If you feel as though your credit is in need of some work, you're in good company. The average American's credit score falls just below what most lenders consider a good credit score.
Having good credit comes with a multitude of benefits: you will have an easier time qualifying for loans and credit cards, reduce the likelihood of paying utility and apartment deposits, and be more likely to get lower interest rates.
At the very least, improving your score opens up opportunities that you didn't have before.
In this guide, we look at the various methods in which you can improve your credit no matter where you currently stand.
What Makes Up My Credit Score?
Before you begin fixing your credit, you need to know what factors affect your credit score.
While you have multiple types of credit scores, the one used most frequently by lenders is your FICO® score, which falls in a range of 300 to 850 and is broken down in the following way:
- Excellent Credit: 750+
- Good Credit: 700 - 749
- Fair Credit: 650 - 699
- Poor Credit: 600 - 649
- Bad Credit: below 600
Your FICO® is made up of several factors:
- Payment history: 35%
- Credit utilization: 30%
- Credit age: 15%
- Types of credit: 10%
What Else Can Affect My Credit?
Items that can negatively affect your credit include:
- Bankruptcies: Bankruptcies can severely damage your credit. Additionally, the amount of time it takes for these to drop off also depends on the type of bankruptcy that was filed: Chapter 13 bankruptcies stay on your credit report for seven years while Chapter 7 bankruptcies stay on your credit report for ten years.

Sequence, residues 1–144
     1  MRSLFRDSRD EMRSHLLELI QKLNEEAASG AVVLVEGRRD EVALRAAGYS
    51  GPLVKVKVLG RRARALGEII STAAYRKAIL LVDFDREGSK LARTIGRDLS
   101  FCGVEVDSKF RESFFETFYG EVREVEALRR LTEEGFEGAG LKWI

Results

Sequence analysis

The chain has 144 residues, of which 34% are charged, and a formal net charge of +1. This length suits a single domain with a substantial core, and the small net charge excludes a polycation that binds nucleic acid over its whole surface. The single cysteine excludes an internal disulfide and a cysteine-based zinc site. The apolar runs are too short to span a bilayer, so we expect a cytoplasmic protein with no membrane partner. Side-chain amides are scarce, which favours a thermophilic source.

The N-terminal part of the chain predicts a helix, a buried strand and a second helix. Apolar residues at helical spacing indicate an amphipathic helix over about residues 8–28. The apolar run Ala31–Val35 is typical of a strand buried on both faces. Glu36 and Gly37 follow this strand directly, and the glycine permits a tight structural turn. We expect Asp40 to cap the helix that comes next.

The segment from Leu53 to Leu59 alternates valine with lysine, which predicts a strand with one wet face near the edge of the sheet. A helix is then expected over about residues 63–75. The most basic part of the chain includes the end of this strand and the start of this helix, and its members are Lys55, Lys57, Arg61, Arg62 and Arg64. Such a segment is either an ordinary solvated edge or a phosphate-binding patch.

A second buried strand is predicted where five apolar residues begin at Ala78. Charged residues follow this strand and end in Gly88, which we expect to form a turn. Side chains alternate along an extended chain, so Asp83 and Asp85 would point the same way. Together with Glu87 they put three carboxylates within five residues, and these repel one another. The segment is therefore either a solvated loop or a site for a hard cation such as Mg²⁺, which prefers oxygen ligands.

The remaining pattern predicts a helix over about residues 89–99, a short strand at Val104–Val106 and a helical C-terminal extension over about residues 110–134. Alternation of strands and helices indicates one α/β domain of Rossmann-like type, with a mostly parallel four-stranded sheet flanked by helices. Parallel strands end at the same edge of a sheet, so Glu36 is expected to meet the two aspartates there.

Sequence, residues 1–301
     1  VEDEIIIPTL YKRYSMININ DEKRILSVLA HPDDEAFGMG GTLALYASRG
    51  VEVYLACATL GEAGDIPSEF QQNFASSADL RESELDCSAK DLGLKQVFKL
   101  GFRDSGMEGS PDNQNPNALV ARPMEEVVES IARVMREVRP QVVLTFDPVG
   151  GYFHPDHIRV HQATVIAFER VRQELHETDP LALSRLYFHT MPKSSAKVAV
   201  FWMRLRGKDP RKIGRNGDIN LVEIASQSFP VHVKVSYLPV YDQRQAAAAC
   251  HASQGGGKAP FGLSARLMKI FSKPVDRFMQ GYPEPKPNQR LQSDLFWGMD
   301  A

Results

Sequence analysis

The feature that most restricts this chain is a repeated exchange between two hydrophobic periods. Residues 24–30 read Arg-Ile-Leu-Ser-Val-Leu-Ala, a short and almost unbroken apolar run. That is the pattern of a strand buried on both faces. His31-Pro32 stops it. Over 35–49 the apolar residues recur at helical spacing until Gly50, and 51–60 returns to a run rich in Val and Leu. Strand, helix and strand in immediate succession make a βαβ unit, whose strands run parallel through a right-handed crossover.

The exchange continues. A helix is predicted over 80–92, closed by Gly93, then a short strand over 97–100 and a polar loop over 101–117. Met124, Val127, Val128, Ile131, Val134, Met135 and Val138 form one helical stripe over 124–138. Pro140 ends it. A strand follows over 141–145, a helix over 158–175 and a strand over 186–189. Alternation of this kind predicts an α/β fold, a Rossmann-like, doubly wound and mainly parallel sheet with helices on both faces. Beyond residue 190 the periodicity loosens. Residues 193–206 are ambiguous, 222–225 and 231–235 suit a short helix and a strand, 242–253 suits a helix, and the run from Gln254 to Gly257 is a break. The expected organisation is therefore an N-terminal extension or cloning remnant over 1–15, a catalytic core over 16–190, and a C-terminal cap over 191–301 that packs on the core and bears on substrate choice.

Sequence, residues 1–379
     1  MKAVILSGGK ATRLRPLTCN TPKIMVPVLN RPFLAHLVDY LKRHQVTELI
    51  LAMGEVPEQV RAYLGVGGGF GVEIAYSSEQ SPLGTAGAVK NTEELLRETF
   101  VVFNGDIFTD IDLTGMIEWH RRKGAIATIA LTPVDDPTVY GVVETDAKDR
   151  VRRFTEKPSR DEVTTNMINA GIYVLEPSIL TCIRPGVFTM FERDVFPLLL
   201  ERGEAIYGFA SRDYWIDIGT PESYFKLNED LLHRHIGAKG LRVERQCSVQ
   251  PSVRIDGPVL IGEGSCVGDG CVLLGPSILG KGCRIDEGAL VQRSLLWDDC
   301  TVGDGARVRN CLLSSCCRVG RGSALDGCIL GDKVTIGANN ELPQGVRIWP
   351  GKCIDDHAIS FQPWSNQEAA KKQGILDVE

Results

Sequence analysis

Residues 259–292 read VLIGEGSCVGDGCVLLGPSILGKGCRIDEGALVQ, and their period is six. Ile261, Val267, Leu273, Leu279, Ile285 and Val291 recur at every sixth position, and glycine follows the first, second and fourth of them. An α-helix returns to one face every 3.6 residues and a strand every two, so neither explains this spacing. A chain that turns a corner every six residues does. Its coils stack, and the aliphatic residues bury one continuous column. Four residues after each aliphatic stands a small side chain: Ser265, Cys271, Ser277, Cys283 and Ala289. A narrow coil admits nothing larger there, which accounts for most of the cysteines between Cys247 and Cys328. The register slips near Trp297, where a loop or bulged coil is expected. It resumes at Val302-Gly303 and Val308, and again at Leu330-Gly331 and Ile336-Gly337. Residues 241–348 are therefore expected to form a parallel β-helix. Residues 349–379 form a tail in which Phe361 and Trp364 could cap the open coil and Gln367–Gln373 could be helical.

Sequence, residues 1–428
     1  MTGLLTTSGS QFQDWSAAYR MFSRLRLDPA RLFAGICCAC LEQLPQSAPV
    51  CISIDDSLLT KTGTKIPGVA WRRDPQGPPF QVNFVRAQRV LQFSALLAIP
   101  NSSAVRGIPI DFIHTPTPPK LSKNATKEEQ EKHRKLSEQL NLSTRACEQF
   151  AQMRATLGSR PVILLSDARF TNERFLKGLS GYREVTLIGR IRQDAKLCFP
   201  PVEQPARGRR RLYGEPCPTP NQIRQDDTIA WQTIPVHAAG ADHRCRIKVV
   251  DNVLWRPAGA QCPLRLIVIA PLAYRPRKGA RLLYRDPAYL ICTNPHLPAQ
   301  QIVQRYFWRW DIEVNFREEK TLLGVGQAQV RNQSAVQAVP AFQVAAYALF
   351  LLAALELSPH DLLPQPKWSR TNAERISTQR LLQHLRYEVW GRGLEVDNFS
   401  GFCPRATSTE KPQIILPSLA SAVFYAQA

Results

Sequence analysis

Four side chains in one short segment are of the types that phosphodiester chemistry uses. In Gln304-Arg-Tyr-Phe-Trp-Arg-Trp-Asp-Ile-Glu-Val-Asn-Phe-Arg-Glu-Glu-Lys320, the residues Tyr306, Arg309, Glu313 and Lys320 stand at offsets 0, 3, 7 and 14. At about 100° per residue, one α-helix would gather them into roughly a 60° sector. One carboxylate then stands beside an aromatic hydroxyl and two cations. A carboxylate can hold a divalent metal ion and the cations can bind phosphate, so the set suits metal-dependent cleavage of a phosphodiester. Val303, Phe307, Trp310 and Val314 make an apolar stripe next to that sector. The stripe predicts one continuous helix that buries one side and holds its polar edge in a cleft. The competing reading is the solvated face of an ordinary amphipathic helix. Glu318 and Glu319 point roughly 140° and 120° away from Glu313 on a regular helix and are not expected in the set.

- Charge-offs: These occur when debts are no longer collectible by creditors and are sold to a debt buyer who then tries to collect the debt amount (along with the additional charges like late fees and interest). These should still be paid as soon as possible even if they are no longer collectible by creditors.
- Collections: Collections affect your score than most other negative items since more recent debt makes up a higher percentage of your credit score. The debts that appear can include loans, gas bills, electric bills, medical bills, or unpaid tickets. Collections are sold multiple times to collectors so they are more likely to have errors. When paying off debts in collections, start off by eliminating the debt that affects your credit the most. Try to pay off this debt in full since partially repaying them will reset the starting debt and cause it to stay on your credit report longer. You can negotiate with a collection agency to pay a lower amount than what you owe, although you might have to report that lowered amount as income on your tax return (which can result in higher taxes if you wind up in a different income bracket). Be sure to keep documentation and records of any payments you make in writing to prove you have made payments. Changes in collections may take 1 to 2 months to be reflected in your credit report.
- Credit inquiries: Inquiries are recorded by the three major bureaus (Experian, Equifax, and TransUnion) and remain on your credit report for up to 2 years. Avoid applying for new credit too frequently since each hard inquiry (which occurs when applying for credit) can drop your score by a few points; however, soft inquiries (which occurs with prequalification inquiries and employment checks) do not hurt your score.
- Foreclosures: These items appear on your credit report for up to 7 years.
- Judgments: These items are reported for up to 7 years after the lawsuit or until the statute of limitations has expired (which may be shorter depending on the state's law).